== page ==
The "Call Trace" subwindow contains the information needed to extract the counterexample. Expanding "assume invariant in pre-state" shows that we're starting off with zero values for `debt()`, `vice()`, and `sumOfVaultDebtGhost()`:
![](https://i.imgur.com/OqGZ8cp.png)
Looking at the post-state reveals that somehow `sumOfVaultDebtGhost()` became non-zero after the execution of `init`, which of course is a violation. Note that the exact numbers in the counterexample might differ in your own run of the tool.
![](https://i.imgur.com/hOyFFUX.png)
But why? We can see the `Sstore` hook being applied during the function's execution:
![](https://i.imgur.com/idN71cZ.png)
All the information needed is there, although some work is necessary to realize what happened. First, we need to understand how `init` works: for a new collateral type, `init` sets its `rate` to the fixed-point equivalent of one (in this case, 10^27) so that future compounding calculations work correctly.
```
function init(bytes32 ilk) external auth {
require(ilks[ilk].rate == 0, "Vat/ilk-already-init");
ilks[ilk].rate = 10 ** 27;
emit Init(ilk);
}
```
This update to `rate` triggered the corresponding `Sstore` hook. Examining the equality at the end of the hook, we can deduce that `sumOfVaultDebtGhost()` becomes non-zero because `ArtGhost[ilk] * newRate` is non-zero. Therefore `ArtGhost[ilk]`, and thus the `Art` storage value for `ilk`, must be non-zero. In summary, the FEoD does not hold if the function`Vat.init(ilk)` is called when `Vat.ils[ilk].Rate` is zero, yet `Vat.ilks[ilk].Art` is non-zero.
Now that the counterexample is clear, we still need to answer the question "Is this possible in practice?". The Certora Prover only assumes that the initial storage state obeys the invariant in question - such states are not guaranteed to be _reachable_ via execution of the smart contract's functions. One could attempt to prove that the state is unreachable with the Certora Prover (and this attempt would fail). However, we will take a shortcut by describing a way to achieve the counterexample's preconditions, which was quickly recognized based on the PECU's familiarity with the Vat during the actual discovery. The `Vat.fold` function can set a `rate` back to zero after the associated `Art` becomes non-zero, allowing `init` to be called on an `ilk` that has already been activated. An example test case can be found in the [bug](https://github.com/makerdao/xdomain-dss/issues/2) filed after this counter example discovery. Note that `fold` itself respects the FEoD, so it is only the second `init` call the produces a violation. We have high confidence that this is the only way to violate the FEoD because (1) `init` requires `rate` to be zero, (2) debt can only be generated if `rate` is non-zero, and (3) the only Vat function that can decrease a `rate` is `fold`.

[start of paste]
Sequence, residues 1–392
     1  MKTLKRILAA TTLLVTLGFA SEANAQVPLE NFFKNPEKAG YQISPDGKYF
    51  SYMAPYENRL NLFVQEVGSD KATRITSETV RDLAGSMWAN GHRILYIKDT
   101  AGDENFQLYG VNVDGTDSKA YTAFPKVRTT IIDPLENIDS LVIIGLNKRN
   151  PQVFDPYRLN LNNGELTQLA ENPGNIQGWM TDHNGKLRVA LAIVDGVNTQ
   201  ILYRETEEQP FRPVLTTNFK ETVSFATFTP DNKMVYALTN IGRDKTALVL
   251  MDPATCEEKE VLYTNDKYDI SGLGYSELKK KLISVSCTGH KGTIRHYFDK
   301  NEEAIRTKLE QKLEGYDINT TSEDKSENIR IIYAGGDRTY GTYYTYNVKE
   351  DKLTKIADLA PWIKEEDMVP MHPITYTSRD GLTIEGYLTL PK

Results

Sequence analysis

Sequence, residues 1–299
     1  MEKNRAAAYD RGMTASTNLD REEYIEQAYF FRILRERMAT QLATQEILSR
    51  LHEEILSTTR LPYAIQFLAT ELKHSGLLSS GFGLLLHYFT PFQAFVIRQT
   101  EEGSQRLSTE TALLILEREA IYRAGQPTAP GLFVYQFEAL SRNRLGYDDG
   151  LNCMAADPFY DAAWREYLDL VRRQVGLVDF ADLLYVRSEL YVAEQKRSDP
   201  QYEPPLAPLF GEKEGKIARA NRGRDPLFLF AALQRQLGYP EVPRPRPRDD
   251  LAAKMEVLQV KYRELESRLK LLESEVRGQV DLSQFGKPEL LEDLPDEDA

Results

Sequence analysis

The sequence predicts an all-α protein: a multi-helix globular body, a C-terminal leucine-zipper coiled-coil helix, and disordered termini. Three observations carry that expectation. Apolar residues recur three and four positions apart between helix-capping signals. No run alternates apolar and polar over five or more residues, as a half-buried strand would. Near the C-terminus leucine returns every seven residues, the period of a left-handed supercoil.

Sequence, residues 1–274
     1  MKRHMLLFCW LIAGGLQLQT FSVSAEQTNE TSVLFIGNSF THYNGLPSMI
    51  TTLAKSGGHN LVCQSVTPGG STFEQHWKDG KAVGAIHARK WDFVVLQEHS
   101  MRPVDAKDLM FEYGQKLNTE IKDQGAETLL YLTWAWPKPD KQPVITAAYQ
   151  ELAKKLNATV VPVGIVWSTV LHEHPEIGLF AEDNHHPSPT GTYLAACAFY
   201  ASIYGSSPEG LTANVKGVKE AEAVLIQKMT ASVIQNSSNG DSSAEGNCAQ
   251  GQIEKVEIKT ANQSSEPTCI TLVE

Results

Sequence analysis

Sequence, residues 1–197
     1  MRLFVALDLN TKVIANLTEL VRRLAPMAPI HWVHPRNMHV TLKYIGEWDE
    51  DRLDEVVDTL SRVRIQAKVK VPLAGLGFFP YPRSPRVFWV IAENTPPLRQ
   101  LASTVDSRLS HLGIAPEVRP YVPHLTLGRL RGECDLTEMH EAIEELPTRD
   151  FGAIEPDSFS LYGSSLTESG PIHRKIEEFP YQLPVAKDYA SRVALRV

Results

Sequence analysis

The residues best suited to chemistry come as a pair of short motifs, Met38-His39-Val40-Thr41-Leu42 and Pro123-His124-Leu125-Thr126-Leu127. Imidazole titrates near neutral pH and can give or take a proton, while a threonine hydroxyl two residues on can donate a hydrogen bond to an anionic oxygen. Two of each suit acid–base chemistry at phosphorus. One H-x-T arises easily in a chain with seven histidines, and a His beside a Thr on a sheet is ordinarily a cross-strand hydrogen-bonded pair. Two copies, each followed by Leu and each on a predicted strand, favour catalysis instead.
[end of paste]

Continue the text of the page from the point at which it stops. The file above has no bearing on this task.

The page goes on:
This was a surprising result. The FEoD is the most famous Multi-Collateral DAI "invariant", known since at least 2018 and even believed to be mathematically provable. Happily, this edge case poses no threat to the system because the `fold` and `init` functions are limited to governance and trusted contracts. If the violating sequence were carried out, there would be more Vault debt than outstanding DAI, potentially pushing the price of DAI above peg and making it difficult for Vaults to repay their debt. Governance can already inflict much worse damage in other ways and is therefore limited by having its actions delayed. This allows users to exit the system prior to a malicious action taking effect. An honest minority of MKR holders can even trigger a shutdown process that unwinds the system gracefully. Future deployments on other chains will contain a fix making the FEoD a true invariant.
## Conclusions
This finding supports our use of Formal Verification as part of a holistic approach to smart contract safety. Discovering that a long-held assumption was false underscores the importance of remaining humble and open-minded when developing smart contract systems. Beliefs about safety or correctness should be held only in proportion to the weight of evidence, never as absolutes. Bugs and imperfections can hide in plain sight for a long time. Effective tools are a great help, but only if applied correctly and consistently!
If you have any questions, please reach out to either the MakerDAO Protocol Engineering Core Unit (find us in the `protocol-engineering-public` channel in the MakerDAO [Discord](https://discord.gg/5mr8FzWg)) or the Certora team ([Discord](https://t.co/2liLHaKHIK) or [Twitter](https://twitter.com/CertoraInc)).